If that is true, and you put it into practice, it can revolutionize your family, marriage, and relationships.
I think it can also bring you closer to God. Take a minute and read that verse from the Bible. Pause and say a prayer before every meal. Watch a Christian show. Speak kindly to your neighbor. Help a child at Church. Give that gift or donate to a Godly cause. Take every opportunity to show your love of the Lord in the everyday routines of life.
Keep making the grand gestures of love occasionally but let them flow from a loving heart that is showing itself every single day.
My wife and I recently went to see the production of Queen Esther at the Sight and Sound Theater in Branson, Missouri. The show is grand, with a vast stage and moving backgrounds. The performances are superb, with beautiful vocals. And the story follows most of the Biblical story from the Old Testament.
What I found to be the most fascinating was watching and listening to the people around us. There was a man behind us who was totally familiar with the story. He was an elderly gentleman who continually talked to his wife, especially at the intermission. He was telling her what was happening and what was going to happen. My favorite line I heard was, “Can you imagine what old Haman is feeling right about now?”
Then in front of me were some teenagers. A large group had come in with a few scattered adults, all in matching shirts. Doubtless, they were a Church group taking their teens to the show. The three boys in front of us looked 14-16 years old. They were watching the show intently and getting caught up in the production. One boy was down to my right and was so emotionally caught up that I could hear his reactions. “Oh boy,” he said as Haman got mad. He gasped when Mordecai was to be honored by the king. As the show proceeded, I realized that he had never heard any of the story before seeing it on the stage.
I sat there between two extremes. One older man who knew the story so well, and another young man who did not know the story at all. A thought crossed my mind, “How do we get this young man to become that old man?” How does the Church and Christians take people from no Bible knowledge to a thorough understanding?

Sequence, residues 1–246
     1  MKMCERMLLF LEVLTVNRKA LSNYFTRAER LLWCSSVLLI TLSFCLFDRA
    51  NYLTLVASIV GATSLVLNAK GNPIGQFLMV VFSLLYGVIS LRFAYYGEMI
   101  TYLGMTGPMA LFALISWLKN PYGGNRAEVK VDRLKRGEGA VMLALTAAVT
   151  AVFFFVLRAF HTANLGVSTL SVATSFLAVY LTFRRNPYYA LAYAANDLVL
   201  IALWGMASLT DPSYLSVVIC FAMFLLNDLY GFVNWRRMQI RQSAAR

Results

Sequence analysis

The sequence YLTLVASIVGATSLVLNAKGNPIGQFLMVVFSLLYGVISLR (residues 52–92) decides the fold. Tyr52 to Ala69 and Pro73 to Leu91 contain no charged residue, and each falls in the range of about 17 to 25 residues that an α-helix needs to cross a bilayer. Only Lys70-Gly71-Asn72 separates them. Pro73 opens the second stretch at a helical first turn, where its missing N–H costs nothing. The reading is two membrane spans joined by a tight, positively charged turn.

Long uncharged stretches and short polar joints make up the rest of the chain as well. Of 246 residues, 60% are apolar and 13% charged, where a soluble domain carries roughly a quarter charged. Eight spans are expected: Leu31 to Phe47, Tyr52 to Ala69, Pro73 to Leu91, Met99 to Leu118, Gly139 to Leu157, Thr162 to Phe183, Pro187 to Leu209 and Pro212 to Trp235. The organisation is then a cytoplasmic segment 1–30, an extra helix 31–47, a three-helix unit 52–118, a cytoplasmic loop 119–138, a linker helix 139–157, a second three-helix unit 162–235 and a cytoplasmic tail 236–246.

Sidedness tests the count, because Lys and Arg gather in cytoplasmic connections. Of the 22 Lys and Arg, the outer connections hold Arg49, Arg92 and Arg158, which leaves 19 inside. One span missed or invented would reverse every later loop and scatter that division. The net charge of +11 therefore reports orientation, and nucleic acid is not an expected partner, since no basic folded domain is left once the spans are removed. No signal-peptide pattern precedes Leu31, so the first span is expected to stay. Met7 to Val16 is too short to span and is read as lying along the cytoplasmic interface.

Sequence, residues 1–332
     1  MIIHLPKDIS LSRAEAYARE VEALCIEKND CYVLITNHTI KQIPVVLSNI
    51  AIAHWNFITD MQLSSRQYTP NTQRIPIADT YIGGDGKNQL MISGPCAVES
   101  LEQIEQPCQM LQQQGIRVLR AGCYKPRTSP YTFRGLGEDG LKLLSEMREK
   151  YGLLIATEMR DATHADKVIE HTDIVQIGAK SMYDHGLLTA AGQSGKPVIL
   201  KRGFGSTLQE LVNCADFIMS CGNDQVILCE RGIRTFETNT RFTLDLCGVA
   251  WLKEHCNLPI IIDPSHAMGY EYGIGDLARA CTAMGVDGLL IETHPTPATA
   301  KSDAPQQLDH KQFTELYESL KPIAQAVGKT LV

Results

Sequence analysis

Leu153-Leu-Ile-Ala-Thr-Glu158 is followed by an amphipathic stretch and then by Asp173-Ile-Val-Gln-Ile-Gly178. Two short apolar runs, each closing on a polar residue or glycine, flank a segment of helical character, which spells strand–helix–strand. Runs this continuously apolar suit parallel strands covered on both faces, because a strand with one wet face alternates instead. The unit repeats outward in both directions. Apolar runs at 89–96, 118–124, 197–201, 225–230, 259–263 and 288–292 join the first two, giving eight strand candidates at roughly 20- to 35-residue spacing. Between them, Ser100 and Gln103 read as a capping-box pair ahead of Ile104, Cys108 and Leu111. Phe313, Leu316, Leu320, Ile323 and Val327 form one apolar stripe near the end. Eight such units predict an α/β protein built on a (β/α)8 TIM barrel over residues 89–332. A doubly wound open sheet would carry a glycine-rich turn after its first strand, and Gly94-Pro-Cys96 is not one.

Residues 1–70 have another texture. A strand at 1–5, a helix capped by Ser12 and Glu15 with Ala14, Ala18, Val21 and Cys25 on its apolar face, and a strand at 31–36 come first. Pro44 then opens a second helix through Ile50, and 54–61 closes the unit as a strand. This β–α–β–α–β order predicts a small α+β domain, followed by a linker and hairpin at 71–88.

Perhaps the answer was found right there in the context of that theater. First, some young people were part of a youth group at a Church. They were connecting with other Christians. Second, they traveled with leaders giving their time to show these young people their faith. Third, these leaders were using everything at their disposal to teach the Bible, including a production of the Biblical story of Esther. The path these young people were on led directly to that older man.
Instead of being critical of this encounter, I paused later that night and thanked God for those teenagers and their willingness to be there that day. I pray there are more Churches, leaders, and activities to help the next generation on their spiritual journey. Encouraging people to know their Bibles is a tiny part of spiritual growth; having people doing everything in their power to help make it happen is quite another.
I am a man of the Bible. I read through the Bible annually. In addition, I teach and preach from the Bible weekly. I believe it is God’s inspired word. It is the source of truth and the rule for our lives. It reveals God’s plans for humanity and the redemption of our souls through Jesus Christ, our Lord.
That said, you must understand that the Bible does not come to us as precepts alone. Sure, many laws and proverbs are straightforward concepts, but that is about it. God’s word is revealed in stories, songs, prophecies, parables, and analogies.
Many times in the New Testament, we have these words that we consider “religious” that are analogies and illustrations to help us understand the Gospel story. A word like “justification” is the picture of a law court and the penalty being paid. A “ransom” is the image of a person being held captive and someone paying the price for their freedom. Even the word “atonement” draws upon an Old Testament story for its understanding. All these big religious words use existing analogies to help us understand the cross of Christ.
When I say I teach the Bible only, that does not mean that I shout out precept after precept from the Bible. It means I explain the original word pictures within their context and use modern illustrations to drive the point home. A Biblical preacher uses all the tools at their disposal to help people understand what Jesus did on the cross. It is not someone who reads a passage and uses big words but the one who helps us know what it means and how to apply it today.